7 Signs You Are An Odd Mom Out – Scary Mommy

7 Signs You Are An Odd Mom Out

I am slightly obsessed with the new hit scripted Bravo show Odd Mom Out, and so are many of my friends. We regularly chat about the comings, goings and musings of the show’s star and creator, Jill Kargman a.k.a. Jill Weber (also very briefly known as Jill Von Weber). Jill plays a fictionalized version of herself trying to navigate the cliques and elite social ecosystem run and protected by the Jimmy Choo wearing/Chanel bag carrying Upper East Side moms, which often leaves her feeling like the odd mom out.

I rarely if ever use this term, but I will here. The show is laugh-out-loud funny. Like I am literally laughing out loud through much of each half-hour episode. And the reason for so many of my literal LOLs is that the show is so relatable. Although I live in suburban Philadelphia (relatively far from Kargman’s Upper East Side), I too have felt like an odd mom out – a lot. Several of my friends have reported similar feelings. I’ve taken note of our real life odd mom out moments and figured out how you know when you are, in fact, the odd mom out.

1. You don’t have the same bag as every other mother at your child’s school.

Did you ever feel like you never got the memo about what bag you should be sporting every day? Apparently I didn’t get it. This became apparent to me at a picnic at my children’s pre-school, when a non-odd mom out told me to put my bag down next to hers at one of the tables. She described the bag to me – great. Only problem was that there were eight seats saved at the table, each with the exact same designer bag. I was left paralyzed by the intoxicating scent of matching fine leather. I took my purple cross body nylon bag to another table. What else could I have done?

2. You’ve stood up and left a group dinner before dessert.

Have you ever been stuck in one of those super annoying and oh-so-painful big group dinners with way too many couples whom you barely know? Yes, you may be kind of tight with one of the moms in the group, but your husband has nothing in common with the other dads. You spend most of the night trying to make eye contact with your husband, who was coerced into sitting at the guys’ end of the table amongst strangers eating mediocre food in an overpriced restaurant with pretentious ambiance. This happened to my husband and me, and I was beyond proud of my odd dad out hubby when he stood up before we had even ordered dessert, announced that we had to go, put money down on the table for our share of the meal and we were out of there. Badass odd dad out!

3. You summer where you winter.

Ever been asked where you summer? An odd mom out friend of mine was asked that exact same question (which by the way was asked of Jill Weber in episode 1) at her child’s back to school night. My odd mom out friend answered proudly that she summers where she winters: in her own house, her one and only house.

4. You dread the non-drop off birthday parties.

You’ve been there. You walk your child into the birthday party, exchanging pleasantries with the party host and other lingering moms, waiting for that magical moment when the host mom tells you that it’s a drop off party and that you should just come back in an hour and a half to pick up your child. Yes, you say to yourself when those words are spoken. Now you can run an errand, go to Starbucks or take a walk. If, on the other hand, the party is non-drop off, you will get sucked into a 45-minute conversation about the benefits of liquid eyeliner versus the pencil kind. True story told by an odd mom out friend of mine.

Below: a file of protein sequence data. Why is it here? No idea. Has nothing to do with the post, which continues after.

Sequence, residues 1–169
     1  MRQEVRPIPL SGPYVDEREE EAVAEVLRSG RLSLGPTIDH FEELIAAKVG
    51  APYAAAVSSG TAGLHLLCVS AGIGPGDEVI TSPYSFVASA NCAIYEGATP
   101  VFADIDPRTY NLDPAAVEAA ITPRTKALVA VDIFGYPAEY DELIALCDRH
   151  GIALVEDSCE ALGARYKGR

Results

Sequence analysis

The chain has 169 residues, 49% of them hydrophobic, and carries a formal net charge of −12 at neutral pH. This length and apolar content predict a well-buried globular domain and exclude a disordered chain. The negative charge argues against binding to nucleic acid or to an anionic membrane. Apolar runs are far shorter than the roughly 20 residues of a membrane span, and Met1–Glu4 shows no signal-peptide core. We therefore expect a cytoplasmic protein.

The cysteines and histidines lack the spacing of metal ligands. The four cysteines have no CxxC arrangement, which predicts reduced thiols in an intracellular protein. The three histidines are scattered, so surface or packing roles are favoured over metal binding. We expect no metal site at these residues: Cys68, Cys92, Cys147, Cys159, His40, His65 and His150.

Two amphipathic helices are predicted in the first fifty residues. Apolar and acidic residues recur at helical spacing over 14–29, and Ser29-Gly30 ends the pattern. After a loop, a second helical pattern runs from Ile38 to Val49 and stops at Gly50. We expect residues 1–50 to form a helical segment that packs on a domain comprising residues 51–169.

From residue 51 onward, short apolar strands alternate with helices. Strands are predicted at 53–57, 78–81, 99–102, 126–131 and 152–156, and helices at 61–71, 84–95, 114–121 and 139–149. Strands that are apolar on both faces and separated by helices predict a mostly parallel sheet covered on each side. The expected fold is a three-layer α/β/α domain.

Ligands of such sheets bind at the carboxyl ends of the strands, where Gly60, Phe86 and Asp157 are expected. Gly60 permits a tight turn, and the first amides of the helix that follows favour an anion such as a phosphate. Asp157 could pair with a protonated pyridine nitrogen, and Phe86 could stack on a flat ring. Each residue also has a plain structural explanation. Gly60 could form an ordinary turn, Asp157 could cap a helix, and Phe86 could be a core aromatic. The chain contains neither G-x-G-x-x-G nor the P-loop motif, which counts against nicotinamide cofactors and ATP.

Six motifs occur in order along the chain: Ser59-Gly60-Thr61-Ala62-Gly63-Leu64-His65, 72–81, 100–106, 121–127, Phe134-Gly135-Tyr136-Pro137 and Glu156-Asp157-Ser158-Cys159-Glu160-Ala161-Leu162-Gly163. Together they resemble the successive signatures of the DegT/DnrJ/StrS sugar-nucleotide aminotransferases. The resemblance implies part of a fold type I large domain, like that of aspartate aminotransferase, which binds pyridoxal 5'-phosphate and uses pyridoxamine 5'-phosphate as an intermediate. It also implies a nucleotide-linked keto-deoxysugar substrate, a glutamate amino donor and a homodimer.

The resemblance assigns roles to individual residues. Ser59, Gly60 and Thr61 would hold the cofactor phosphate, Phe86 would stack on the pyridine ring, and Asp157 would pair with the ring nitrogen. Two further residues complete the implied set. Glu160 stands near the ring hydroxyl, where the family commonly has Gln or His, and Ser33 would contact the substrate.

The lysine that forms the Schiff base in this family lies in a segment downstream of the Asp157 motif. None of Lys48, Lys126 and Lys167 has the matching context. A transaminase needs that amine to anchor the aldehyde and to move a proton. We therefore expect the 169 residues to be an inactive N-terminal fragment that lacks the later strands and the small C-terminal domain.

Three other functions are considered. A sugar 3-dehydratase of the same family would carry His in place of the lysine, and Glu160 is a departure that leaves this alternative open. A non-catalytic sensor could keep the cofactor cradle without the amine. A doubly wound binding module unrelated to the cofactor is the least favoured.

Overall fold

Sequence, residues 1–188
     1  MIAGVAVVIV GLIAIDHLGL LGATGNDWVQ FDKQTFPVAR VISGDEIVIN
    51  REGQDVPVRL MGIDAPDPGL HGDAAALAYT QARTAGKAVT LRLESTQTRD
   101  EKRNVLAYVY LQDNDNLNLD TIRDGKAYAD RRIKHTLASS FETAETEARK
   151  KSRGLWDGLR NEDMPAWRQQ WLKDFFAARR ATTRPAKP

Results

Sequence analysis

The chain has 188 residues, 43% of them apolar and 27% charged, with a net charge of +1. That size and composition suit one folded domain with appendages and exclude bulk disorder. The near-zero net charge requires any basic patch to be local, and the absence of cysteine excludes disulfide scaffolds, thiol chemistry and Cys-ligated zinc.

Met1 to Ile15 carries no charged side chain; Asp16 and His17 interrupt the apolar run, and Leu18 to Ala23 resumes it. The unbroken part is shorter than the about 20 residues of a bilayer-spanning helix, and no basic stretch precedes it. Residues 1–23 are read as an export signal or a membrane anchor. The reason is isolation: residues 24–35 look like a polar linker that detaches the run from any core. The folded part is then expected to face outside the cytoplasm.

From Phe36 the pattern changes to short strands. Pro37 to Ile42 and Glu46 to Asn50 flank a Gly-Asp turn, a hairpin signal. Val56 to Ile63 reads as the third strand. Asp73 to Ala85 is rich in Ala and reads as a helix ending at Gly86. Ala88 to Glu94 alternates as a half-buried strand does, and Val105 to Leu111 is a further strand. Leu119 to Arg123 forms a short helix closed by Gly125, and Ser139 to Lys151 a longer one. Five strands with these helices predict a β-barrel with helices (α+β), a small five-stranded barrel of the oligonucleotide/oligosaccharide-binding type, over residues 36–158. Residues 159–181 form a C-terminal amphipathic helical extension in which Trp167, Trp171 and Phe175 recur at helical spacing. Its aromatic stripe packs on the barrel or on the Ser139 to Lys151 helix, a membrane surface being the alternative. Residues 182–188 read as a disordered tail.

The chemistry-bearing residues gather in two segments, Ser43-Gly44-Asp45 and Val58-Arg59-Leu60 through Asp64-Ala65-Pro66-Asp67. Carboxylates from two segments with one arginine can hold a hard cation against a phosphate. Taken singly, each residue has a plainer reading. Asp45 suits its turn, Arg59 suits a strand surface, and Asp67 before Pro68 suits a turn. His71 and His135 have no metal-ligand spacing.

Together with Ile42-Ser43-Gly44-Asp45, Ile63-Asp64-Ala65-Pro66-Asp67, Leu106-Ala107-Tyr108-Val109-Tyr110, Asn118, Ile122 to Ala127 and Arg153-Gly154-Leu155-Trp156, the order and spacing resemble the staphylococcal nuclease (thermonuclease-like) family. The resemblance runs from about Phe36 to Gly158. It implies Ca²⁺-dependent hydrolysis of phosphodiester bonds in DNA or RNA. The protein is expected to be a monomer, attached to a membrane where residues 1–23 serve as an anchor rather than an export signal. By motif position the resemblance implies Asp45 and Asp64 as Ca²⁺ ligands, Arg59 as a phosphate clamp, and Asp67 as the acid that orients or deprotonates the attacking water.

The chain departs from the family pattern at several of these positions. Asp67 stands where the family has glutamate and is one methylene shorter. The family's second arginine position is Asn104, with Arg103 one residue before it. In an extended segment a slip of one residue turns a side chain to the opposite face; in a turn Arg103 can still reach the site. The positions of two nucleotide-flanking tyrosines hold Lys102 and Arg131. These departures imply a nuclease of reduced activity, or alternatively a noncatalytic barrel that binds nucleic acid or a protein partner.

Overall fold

5. You’ve served non-politically correct food at your child’s birthday party.

You know those birthday parties where everything served is 100% grass fed, organic, gluten-free, dairy-free, casein free (what the hell is casein by the way)? I’ve been to a lot of those birthday parties with my kids, but the thing is that I’ve never hosted one. Maybe I’m old school, but is a good old-fashioned chicken nugget really going to do that much harm? Apparently – according to one child at my daughter’s birthday party – it would. This little girl actually got in a fight with my husband about the place where said chicken nuggets had come from. I was proud of my husband, who held his own as best he could, but still the child went home hungry.

6. Your children have friends whose names you don’t know.

Ever been at a family-friendly event, like your daughter’s lacrosse game, where all the mothers seem to be chatting about the ins and outs of the 2nd grade classroom dynamics and the cliques of girls and so and so and who said that and this other girl who rules the lunch table? I’ve been there, and the thing was, I had no idea who some of these girls were. I was content with regularly hearing from my own daughter about her real friends, whom she always seemed to enjoy hanging out with. Was I the bad mom or just the odd mom out? I pretended I knew these names and even dropped a few myself. I wonder if anyone noticed the made-up ones? I kind of slurred my words, so hopefully not.

7. Packing for camp is not a competitive sport in your house.

Ever wonder why packing up your kids for summer camp has become more time-consuming than writing a thesis for your PhD? I did. I started to ask around, and it seems that many non-odd moms out take this packing very seriously. Their packing up of their kids’ t-shirts, shorts, socks and underwear – which will all undoubtedly end up lost somewhere in the camp lake – involves multiple packs of zip lock bags, cellophane, customized ribbons and more. I thought I was giving it the old college try by balling the socks together. I guess not.